Putin’s health: Is it Parkinson’s or not

Just yesterday in my piece “Putin’s Bunker, or Sketches on Fuhrer’s last refuge,” I once again noted how the Russian president abstracted himself from the outside world and that seeing him in public (even among his closest entourage) becomes more and more difficult.
Meanwhile, among the Western media, reports regularly emerge claiming that the Russian leader is in fact seriously, terminally ill. It’s about Parkinson’s disease.
For example, The Sun reported on Putin’s poor health and the incurable disease. It was at the suggestion of the British tabloid that a wave of discussions spread throughout the media – both in Russia and beyond – which the Kremlin press secretary Dmitry Peskov was forced to refute.

Frankly speaking, this is not the first time that topics related to Putin’s poor health are spun through open sources. Parkinson’s disease was first mentioned in 2015 – again, in British media. It was The Times, to which the BBC then referred, that was the original source of that report.
Back then, the allegations were based on Putin’s disappearance from public radar for 11 days, from February to March. He didn’t appear on TV and neither was he mentioned in news agencies’ agenda. As they say, there is no smoke without fire, so Putin’s unhealthy look has been arousing more and more suspicions over the past several years.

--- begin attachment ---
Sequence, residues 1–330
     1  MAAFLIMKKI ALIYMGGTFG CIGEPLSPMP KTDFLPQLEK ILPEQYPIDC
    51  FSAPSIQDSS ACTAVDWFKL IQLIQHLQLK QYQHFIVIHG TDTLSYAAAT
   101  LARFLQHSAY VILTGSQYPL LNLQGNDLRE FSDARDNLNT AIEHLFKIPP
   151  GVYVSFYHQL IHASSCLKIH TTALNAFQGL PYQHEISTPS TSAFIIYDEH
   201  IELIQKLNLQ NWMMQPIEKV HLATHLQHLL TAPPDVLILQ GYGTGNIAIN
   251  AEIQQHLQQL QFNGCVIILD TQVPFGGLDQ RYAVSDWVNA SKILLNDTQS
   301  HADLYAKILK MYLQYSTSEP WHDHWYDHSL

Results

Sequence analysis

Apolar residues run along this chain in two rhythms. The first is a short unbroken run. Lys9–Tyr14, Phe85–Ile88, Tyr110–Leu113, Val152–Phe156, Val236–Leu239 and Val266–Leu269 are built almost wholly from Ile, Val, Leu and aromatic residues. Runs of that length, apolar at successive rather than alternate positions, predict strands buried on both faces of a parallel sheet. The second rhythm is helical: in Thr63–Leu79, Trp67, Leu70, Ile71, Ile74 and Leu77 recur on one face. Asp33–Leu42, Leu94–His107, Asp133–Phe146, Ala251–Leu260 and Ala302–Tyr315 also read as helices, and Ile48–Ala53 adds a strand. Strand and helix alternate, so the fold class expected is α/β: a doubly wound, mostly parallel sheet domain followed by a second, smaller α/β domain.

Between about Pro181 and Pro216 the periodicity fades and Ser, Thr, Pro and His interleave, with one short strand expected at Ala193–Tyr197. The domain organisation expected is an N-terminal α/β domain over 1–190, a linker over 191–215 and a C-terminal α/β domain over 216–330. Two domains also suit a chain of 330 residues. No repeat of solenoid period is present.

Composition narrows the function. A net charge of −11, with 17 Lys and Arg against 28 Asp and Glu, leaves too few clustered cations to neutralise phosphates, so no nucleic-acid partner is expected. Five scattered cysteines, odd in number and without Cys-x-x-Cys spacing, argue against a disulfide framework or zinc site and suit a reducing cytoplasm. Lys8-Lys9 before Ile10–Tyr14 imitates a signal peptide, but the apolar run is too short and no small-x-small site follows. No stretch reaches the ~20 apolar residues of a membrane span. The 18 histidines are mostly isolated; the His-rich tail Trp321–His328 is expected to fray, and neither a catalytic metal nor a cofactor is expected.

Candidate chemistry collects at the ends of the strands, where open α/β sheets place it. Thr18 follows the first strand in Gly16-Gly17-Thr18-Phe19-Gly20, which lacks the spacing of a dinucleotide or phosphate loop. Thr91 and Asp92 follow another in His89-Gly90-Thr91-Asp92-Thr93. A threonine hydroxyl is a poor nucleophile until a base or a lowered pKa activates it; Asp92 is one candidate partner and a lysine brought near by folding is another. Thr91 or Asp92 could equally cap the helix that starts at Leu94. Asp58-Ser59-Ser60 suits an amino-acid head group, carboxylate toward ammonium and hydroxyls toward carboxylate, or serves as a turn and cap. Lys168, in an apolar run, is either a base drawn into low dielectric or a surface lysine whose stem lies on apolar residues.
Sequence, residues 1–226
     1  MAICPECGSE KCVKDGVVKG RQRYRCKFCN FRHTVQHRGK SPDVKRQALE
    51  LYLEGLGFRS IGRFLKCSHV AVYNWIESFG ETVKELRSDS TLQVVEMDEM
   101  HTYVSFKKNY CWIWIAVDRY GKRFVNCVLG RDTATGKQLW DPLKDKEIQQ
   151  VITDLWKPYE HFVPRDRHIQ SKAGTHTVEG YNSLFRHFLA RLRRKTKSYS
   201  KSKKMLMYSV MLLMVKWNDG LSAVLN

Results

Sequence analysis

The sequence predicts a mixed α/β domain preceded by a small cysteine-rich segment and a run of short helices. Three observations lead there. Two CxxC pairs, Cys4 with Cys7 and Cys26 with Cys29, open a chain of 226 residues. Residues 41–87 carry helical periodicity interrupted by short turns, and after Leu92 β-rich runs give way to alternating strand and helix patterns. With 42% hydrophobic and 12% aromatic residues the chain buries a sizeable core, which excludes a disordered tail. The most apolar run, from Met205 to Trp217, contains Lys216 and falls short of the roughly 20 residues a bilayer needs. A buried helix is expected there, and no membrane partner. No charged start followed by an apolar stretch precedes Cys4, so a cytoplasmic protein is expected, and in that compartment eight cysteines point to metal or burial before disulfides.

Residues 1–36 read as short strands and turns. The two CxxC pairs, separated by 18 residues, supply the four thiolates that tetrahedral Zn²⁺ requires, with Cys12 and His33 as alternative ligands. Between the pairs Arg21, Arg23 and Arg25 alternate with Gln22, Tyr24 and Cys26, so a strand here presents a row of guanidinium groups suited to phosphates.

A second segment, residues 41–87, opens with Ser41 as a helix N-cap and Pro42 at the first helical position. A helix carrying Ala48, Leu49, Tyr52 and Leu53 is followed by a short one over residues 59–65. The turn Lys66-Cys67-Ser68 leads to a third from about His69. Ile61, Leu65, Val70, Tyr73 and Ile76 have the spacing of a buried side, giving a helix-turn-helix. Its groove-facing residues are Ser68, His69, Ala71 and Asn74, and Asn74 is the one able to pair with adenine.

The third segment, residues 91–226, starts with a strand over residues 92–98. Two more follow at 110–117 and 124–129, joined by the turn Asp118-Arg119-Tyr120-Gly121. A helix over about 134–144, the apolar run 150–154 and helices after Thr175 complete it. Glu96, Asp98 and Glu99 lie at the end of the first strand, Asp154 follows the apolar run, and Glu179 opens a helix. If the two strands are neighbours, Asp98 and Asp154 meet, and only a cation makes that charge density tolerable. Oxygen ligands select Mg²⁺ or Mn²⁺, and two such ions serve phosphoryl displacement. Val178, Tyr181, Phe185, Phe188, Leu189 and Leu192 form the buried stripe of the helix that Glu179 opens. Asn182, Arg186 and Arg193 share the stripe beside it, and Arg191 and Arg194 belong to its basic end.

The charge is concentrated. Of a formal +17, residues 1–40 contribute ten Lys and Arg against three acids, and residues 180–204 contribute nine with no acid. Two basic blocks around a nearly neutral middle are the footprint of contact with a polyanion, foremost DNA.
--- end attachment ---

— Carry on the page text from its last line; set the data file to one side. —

The ultimate isolation of the Russian president, his refusal to take the coronavirus vaccine, and many other nuances really make one wonder, what’s actually going on in the Novo-Ogaryovo bunker. To what extent is the Russian leader actually capable of fully performing his functions, rather than working in remission periods only?
It’s therefore no surprise that a bill was now tabled in the Russian State Duma, ensuring for the president and his family personal guarantees of immunity once he retires, as well as a senator’s seat for life.
It’s no surprise because Putin’s realization of his imminent stepdown or falling into a vegetation state without being able to decide on vital issues, force Putin to ensure for himself a safety cushion. Even more so, taking into account the crimes he had committed during his cadence. In fact, if his successors one day decide to extradite the ex-president to be tried by some international tribunal, this could ease Russia sanctions or lead to other concessions on the part of the Western powers.
So are Putin’s days really numbered? It all depends on how severe his disease has gotten. If we take 2015 as a countdown, then Putin is no more than 5 years away from complete fadeout, and throughout this period he will still have enough time to provide cover for his future departure and place loyal people in all important posts.
Apparently, there’s no way to create an “eternal president” out of Putin. It appears, they molested their constitution in vain…

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